The music pieces were abstract and avant garde; the opening performance by music student Levy Lorenzo involved a sound-producing light sensor with two teacups and a lamp. Lorenzo would lift and turn the teacups to produce various tones, producing a frantic and unusual sound that was markedly similar to some music from the film “2001: A Space Odyssey.”
Dr. Schedel performed a piece entitled “Until Paper Becomes Fur,” in which she used an electric cello with a bow that communicated motion back to her laptop, allowing her to create ghostly sounds by gesturing with the bow.
The audience had a particularly lively reaction to “Kinetic Petals,” a piece performed using a Microsoft Kinect camera and a laptop to produce synthetic tones based on the movements of a dancer.
The final performance was a fast and frantic piece composed by Dr. Weymouth entitled “Rare Events.”
The piece, which Weymouth said was inspired by how a computer determines probability, was performed by bass clarinet player Lisa Preimesberger alongside her laptop, which was amplified by the auditorium’s P.A. system. It was extremely fast and dissonant, culminating in a shrieking high note from the laptop and a bellowing low note from the clarinet.
It was only a few minutes after the guests stepped out of the auditorium when a performance by percussionist Josh Perry took them by surprise. Perry was standing in the lobby in front of a cart equipped with a seemingly random assortment of percussion instruments and household objects: a cowbell, a crank, two knives, a jug of water, a paper bag, a mixing bowl and some dinner glasses.
He began striking the various objects and saying words that had no logical connection or structure. He struck the mixing bowl with a knife and cradled the jug of water in his arms and said, in a high-pitched and mocking voice, “Iron stigma. A tiny stream.”
Perry was performing “Songs I-IX,” a work by Stuart Saunders Smith that makes heavy use of intentionally nonsensical spoken words and household objects to express primal human emotions. Guests in the crowd around Perry were frantically flipping through their programs to find an explanation of what was going on; one audience member wondered aloud to the man next to him whether the performance was intended to be funny or not.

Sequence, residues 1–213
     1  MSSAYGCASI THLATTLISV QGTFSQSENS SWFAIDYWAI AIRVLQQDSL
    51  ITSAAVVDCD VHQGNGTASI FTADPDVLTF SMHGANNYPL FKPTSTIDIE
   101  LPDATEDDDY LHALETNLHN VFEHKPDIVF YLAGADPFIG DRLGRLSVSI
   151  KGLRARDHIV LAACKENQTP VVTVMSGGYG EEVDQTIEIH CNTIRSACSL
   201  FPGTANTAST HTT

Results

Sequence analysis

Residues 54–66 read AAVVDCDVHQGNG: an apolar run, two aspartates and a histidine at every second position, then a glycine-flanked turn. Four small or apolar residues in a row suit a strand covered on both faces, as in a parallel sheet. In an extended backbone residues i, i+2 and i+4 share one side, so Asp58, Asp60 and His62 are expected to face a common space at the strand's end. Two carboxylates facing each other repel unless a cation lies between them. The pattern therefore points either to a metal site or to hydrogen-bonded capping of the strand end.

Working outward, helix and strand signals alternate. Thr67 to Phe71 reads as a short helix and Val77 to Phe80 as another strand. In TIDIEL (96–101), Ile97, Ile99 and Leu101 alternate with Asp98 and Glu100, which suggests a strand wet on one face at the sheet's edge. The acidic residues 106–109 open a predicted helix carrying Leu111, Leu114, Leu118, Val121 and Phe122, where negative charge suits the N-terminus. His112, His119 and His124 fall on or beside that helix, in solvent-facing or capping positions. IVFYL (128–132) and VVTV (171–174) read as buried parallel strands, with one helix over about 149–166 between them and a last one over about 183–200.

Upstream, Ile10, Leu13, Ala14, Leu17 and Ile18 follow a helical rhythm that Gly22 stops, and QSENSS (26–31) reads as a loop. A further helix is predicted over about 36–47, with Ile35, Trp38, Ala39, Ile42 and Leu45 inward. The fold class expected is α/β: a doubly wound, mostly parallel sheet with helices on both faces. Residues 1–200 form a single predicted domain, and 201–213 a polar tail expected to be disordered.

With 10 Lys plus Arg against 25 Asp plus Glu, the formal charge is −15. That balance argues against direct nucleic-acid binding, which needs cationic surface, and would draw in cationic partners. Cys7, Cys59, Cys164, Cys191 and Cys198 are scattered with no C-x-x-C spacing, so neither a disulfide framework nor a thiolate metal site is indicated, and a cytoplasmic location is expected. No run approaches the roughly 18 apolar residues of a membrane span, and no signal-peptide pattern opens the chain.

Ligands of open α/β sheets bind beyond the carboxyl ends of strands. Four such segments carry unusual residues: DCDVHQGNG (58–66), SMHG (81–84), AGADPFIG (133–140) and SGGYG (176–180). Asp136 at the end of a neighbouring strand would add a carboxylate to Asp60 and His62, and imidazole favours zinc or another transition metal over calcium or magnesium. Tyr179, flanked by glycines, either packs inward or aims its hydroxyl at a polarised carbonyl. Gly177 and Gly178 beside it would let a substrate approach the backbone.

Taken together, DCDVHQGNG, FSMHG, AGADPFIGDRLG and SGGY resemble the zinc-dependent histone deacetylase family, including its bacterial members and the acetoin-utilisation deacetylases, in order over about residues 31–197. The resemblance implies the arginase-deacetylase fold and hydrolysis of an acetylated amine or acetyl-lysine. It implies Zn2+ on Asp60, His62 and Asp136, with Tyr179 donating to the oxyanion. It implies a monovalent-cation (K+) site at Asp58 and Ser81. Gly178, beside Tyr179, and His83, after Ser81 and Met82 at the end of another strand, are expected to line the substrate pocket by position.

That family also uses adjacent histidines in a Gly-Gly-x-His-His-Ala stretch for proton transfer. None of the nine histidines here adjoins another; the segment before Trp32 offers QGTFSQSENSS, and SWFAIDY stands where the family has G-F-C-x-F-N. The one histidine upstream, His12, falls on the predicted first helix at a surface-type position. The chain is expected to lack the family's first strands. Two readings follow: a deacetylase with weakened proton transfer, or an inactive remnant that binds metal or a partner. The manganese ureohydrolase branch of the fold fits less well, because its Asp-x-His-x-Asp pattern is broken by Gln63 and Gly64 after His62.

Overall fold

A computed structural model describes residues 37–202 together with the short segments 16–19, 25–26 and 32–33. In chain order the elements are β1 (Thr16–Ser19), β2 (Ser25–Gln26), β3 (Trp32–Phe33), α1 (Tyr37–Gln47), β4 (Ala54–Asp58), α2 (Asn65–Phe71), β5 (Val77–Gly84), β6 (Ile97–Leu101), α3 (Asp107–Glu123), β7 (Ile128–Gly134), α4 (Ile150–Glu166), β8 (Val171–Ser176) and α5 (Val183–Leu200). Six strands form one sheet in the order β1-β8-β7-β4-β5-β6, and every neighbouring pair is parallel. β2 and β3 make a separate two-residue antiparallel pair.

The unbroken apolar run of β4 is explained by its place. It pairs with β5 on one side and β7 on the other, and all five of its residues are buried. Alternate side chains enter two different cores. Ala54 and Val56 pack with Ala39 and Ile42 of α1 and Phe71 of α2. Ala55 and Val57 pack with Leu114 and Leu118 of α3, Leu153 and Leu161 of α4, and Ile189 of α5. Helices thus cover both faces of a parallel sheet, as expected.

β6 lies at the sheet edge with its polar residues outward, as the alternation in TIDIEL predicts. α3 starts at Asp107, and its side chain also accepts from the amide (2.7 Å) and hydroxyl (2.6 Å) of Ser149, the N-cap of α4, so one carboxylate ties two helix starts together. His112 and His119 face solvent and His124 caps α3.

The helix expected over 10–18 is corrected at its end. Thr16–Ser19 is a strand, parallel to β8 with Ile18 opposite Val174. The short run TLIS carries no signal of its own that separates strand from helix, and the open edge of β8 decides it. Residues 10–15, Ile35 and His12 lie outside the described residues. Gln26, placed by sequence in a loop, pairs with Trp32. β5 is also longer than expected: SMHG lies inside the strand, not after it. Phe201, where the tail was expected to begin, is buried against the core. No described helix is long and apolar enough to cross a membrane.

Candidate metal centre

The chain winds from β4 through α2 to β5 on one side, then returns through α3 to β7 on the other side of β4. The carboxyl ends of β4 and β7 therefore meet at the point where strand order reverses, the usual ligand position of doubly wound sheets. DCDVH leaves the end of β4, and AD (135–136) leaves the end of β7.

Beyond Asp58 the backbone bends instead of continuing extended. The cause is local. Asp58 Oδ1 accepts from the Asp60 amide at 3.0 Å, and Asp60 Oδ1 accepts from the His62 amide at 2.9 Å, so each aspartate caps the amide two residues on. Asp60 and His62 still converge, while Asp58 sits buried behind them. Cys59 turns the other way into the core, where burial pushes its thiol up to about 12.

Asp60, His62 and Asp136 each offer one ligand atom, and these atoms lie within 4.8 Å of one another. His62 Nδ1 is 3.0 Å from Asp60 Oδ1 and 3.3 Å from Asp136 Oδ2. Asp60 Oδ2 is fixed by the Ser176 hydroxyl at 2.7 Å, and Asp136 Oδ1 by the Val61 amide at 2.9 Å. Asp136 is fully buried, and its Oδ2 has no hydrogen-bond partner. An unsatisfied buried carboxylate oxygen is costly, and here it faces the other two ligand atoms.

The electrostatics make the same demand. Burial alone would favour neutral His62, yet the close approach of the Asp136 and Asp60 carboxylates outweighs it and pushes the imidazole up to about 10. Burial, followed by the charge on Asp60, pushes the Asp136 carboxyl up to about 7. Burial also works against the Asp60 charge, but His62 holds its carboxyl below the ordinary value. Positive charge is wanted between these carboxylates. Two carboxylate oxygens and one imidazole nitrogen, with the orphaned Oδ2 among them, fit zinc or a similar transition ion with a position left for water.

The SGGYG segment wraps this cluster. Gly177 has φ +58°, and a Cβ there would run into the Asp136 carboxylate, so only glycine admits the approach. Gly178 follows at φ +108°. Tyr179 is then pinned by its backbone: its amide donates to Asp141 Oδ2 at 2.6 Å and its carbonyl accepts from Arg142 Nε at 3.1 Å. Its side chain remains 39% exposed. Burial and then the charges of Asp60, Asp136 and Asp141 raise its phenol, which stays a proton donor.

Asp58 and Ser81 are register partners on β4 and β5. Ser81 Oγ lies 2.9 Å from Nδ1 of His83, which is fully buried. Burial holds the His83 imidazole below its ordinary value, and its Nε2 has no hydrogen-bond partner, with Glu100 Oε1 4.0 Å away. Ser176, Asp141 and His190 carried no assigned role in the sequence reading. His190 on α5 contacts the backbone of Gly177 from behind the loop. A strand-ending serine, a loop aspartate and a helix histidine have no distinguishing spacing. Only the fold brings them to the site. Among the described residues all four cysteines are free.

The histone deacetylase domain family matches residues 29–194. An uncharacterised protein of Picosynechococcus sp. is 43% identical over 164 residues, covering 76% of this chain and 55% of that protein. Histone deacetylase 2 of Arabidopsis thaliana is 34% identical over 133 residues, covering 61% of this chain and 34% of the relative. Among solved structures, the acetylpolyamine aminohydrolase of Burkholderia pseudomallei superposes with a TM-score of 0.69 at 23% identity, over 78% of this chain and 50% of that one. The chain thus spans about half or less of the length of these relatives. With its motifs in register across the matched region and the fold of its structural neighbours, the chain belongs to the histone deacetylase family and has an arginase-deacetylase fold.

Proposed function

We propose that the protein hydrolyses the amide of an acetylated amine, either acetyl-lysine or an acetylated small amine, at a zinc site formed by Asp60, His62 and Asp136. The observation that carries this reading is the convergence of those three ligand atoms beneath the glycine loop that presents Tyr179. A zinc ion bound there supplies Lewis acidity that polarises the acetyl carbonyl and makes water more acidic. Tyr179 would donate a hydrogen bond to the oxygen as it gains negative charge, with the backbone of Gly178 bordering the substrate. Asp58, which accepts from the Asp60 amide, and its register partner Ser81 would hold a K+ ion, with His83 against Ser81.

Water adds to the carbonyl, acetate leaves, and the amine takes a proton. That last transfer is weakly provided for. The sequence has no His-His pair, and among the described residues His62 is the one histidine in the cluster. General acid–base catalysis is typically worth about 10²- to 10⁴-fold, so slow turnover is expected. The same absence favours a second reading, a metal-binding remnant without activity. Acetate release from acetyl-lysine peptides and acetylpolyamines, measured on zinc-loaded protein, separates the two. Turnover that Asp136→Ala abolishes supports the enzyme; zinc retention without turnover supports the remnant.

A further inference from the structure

A woman at the front of the crowd nearly doubled over laughing towards the end of his performance but Perry did not seem offended or surprised. He smiled at her and the rest of the audience as he placed down the knives and took a bow. Several of the audience members exchanged looks of confusion during the applause.
For the last program of the night, drama professor Steve Marsh came downstairs to the lobby in character as physicist Richard Feynman for a monologue from the play “QED.” It was a monologue that was often nonchalant and comedic, inspiring a great deal of laughter from the crowd.
As Feynman’s character recalled an argument with one of his friends, an artist, about how science is at odds with art because it reduces nature “to equations,” he said something that seemed to underscore the entirety of the night’s proceedings.
“Science doesn’t ruin nature,” Feymnman said. “It’s a way of appreciating nature. Some day science is going to figure how art is done, and then you guys are in trouble.”